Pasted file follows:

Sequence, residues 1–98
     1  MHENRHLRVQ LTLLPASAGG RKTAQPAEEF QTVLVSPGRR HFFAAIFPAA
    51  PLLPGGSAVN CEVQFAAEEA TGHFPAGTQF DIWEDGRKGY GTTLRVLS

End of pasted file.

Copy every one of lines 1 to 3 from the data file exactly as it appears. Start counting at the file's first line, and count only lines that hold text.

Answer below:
Sequence, residues 1–98
     1  MHENRHLRVQ LTLLPASAGG RKTAQPAEEF QTVLVSPGRR HFFAAIFPAA
    51  PLLPGGSAVN CEVQFAAEEA TGHFPAGTQF DIWEDGRKGY GTTLRVLS